ınnOscı Open Data Impact Award

The Stifterverband initiated the Open Data Impact Award within the framework of innOsci to honour researchers who enabled innovation for all by disclosing their research data.

Topic

Open Data is on everyone’s lips, but not yet lived out everywhere in the everyday life of science. However, the subsequent use of collected data has advantages for everyone: both science benefits when data sets and experiments can be reviewed and further developed by other researchers, and society as a whole when innovations arise from existing data. To make these data treasures available and to enable subsequent use, scientists must actively disclose their data.

 

Goal

We promote Open Science and Open Data in science and society through a prize that gives Open Data more visibility. Through the prize money and attention, we create incentives both for scientists to make their data available for open use and for downstream users to further develop this data in innovative ways. In this way, we identify innovation potentials that enable added value for society from Open Data and make these approaches attractive for everyone.

Justification

In the current academic system, scientists often lack incentives, infrastructure and resources to make their data accessible in such a way that a scientific and non-scientific reuse is possible or facilitated. This is where the Open Data Impact Award comes in. We honor researchers who make their data openly available for reuse, thereby unlocking the innovative potential of their research.

Participants

The target groups are researchers or research teams, institutions, start-ups, civil society projects, individuals, cultural workers.

Method

With a total prize money of €30,000, prizes will be awarded both for the provision of research data with potential for innovative re-use and for the innovative re-use of research data in business, culture, civil society and journalism.

The 2020 award winners

– Michael Schmitt from Munich University of Applied Sciences receives the winning prize of 15,000 euros for his dataset on the development of AI processes in earth observation. This is a highly dynamic field in which exciting start-ups and innovative business ideas are emerging. By combining modern AI methods and recently free and globally available satellite data, there are countless opportunities for transferring insights from research into commercial products and applications.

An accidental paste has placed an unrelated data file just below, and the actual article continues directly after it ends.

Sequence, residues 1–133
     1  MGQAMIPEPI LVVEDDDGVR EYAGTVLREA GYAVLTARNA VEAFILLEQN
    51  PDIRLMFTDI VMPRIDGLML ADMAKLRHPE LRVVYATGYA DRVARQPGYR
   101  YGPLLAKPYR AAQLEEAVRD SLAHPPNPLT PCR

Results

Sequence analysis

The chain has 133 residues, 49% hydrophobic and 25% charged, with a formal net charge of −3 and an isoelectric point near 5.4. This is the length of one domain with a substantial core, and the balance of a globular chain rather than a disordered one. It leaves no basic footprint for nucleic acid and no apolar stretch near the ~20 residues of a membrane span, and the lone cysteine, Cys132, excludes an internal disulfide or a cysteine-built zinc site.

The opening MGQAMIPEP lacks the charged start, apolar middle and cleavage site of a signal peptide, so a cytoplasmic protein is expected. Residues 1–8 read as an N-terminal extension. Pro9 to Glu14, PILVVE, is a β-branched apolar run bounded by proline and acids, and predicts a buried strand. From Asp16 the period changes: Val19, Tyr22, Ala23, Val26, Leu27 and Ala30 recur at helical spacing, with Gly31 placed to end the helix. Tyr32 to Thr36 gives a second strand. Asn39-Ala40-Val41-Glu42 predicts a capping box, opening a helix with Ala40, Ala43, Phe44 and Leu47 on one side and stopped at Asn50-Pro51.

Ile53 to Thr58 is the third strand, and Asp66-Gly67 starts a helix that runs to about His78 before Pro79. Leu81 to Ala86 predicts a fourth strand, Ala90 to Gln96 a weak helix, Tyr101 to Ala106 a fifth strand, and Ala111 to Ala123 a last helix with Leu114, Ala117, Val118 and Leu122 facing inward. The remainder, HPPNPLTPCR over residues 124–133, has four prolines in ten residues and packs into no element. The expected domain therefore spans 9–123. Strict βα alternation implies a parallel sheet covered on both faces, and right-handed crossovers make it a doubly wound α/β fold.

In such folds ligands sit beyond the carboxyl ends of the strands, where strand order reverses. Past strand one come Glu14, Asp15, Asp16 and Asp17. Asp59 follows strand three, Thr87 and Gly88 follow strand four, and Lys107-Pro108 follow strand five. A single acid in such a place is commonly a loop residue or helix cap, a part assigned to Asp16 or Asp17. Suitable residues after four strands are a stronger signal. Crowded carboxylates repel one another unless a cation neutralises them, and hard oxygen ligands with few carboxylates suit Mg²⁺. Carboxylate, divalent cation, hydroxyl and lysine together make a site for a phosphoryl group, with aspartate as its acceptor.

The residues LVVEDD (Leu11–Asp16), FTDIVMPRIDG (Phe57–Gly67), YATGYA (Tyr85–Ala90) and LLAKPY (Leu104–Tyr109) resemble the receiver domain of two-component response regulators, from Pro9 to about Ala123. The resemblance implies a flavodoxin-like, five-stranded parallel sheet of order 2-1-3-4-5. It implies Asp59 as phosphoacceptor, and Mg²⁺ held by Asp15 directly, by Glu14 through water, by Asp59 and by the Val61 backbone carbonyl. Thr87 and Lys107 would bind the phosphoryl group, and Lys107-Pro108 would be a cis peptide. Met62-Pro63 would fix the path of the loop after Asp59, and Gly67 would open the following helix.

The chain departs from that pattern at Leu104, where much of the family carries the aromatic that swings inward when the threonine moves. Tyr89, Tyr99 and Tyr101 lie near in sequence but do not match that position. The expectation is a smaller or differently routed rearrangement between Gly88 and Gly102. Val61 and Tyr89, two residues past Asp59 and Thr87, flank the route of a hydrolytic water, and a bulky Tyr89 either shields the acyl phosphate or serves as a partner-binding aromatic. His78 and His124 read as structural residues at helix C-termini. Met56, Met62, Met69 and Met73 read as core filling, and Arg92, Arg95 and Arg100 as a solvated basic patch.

– Emanuel Deutschmann from the University of Göttingen is awarded the second prize of 10,000 euros for the “Global Mobilities Project”. Launched in February 2018, the project’s dataset promises better models and analysis of human mobility, globalization, and the multiple issues raised by mobility and unequal resource distribution. In an initial external publication, a scientific team used the dataset to better model the progression of the Covid 19 pandemic. However, it could also be used in the future to trace transport routes and flight movements following natural disasters or civil wars.

– Claudia Niessner from KIT Karlsruhe receives 5,000 euros. She provides one of the first Open Data Sets in sports science on the athletic fitness of children and adolescents. From this, uniform development documentation and bases for interventions can emerge.

The virtual award ceremony for the Open Data Impact Award took place on October 7, 2020, as part of the University:Future Festival. The three award winners presented themselves and their research to the public and showed how open research data can benefit everyone.

Watch the recording of the award ceremony here:

New in the Think & Do Podcast

 

The 19th episode of the Stifterverband podcast is dedicated to the topic of Open Data and makes clear why it is so important for science and research. Marte Kessler from innOsci, the Forum for Open Innovation Culture, sheds light on the background. This year, the Stifterverband presented the Open Data Impact Award for the first time. In an interview with Lukas Grasberger, award winner Michael Schmitt explains his research and how the award helps him in his research.